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Responsive Polymer Chemistry

Mark Cambridge UK, April 9, 2003, Vivamer Ltd announces that it has secured seed finance from the University of Cambridge Challenge Fund. Professor Nigel Slater and Dr Mark Eccleston (pictured left) of the Department of Chemical Engineering, University of Cambridge, founded Vivamer to commercialise their responsive polymer chemistry. The seed financing will be used to demonstrate the utility of Vivamer's technology in the areas of diagnostic imaging and drug delivery for anti-cancer applications.

Responsive polymers react to their environment and can be designed to act as a molecular switch turning on or off chemical properties associated with payload compounds. For example, in response to a change in pH at a site of disease, a Vivamer polymer could release a drug payload, delivering the drug directly to the site of disease. The technology has numerous applications including healthcare, household chemicals and food technology.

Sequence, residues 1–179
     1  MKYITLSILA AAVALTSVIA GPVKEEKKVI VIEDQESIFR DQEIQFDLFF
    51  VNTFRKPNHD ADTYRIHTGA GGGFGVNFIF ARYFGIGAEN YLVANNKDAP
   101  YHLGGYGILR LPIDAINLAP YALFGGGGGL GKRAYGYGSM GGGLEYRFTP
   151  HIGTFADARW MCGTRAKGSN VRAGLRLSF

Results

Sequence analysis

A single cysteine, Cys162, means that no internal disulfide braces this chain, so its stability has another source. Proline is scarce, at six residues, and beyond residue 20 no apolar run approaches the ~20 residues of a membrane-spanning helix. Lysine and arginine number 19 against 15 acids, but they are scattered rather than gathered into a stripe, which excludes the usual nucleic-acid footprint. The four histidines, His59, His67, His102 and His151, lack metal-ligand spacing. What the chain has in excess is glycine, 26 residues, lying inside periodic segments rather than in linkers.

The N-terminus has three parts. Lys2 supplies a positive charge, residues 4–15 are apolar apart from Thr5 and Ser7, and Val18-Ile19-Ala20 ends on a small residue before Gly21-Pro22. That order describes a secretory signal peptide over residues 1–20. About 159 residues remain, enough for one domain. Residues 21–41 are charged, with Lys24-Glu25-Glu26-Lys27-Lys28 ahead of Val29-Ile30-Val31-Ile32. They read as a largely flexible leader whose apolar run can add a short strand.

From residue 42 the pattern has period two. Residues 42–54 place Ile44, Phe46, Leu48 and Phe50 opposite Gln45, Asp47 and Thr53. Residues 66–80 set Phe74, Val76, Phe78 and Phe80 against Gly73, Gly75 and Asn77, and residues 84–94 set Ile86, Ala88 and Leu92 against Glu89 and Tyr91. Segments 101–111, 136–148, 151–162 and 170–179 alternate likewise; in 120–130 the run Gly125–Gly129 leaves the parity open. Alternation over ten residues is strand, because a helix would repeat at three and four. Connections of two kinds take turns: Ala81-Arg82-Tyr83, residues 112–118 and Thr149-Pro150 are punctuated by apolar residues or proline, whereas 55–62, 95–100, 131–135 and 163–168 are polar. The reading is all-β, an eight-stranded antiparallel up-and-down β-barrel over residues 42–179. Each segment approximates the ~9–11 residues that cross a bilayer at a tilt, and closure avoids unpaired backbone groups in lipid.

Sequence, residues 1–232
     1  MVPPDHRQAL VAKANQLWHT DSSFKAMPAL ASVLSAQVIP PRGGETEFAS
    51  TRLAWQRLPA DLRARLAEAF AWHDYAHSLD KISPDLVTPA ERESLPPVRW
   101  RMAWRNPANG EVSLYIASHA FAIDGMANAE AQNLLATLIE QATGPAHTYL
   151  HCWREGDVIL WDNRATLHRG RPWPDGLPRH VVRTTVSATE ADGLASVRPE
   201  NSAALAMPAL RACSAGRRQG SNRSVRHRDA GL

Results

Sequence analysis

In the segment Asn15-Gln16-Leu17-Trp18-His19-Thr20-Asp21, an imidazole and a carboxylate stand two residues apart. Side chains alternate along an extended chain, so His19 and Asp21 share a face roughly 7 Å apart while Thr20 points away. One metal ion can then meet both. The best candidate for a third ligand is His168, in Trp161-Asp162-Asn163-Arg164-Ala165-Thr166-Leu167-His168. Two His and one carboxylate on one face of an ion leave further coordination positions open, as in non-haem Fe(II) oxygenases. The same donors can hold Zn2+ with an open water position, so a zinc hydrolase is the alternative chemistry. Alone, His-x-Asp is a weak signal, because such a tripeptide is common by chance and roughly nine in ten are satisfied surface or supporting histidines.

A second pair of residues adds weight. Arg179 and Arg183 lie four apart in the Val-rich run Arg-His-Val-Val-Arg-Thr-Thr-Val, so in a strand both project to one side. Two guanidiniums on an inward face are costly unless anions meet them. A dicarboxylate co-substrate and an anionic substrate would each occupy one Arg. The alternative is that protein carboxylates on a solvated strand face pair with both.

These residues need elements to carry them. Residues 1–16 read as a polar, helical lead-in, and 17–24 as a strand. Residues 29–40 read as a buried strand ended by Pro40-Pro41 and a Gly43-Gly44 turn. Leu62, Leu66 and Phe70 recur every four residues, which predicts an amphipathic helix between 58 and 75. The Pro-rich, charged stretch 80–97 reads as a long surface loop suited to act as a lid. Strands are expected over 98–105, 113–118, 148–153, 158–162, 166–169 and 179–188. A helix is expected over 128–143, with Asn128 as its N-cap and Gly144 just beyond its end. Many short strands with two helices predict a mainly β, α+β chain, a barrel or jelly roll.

"Responsive polymers offer a number of compelling benefits in healthcare applications," said Professor Slater. "By releasing drugs or activating imaging agents in response to the disease environment you have greater control over the patient’s treatment".

Bill Mathews commented, "Vivamer is the latest company to emerge from Cambridge University, and demonstrates the university’s continuing expertise in commercializing world class inventions. We believe that Vivamer's chemistry platform has the potential to deliver significant value to its commercial partners across a range of industries".

Vivamer was founded in December 2002 to commercialise responsive polymer chemistry developed by Professor Nigel Slater and Mark Eccleston. Professor Slater's work at Cambridge focuses on Bio-products manufacturing and functional, bio-mimetic materials and his work is related to the Bioscience engineering research theme.

The University of Cambridge Challenge Fund provides seed finance to companies spun out of the University of Cambridge. It has made investments in 11 companies including Daniolabs, Akubio and Cambridge Semiconductor since it was set up in 2000.

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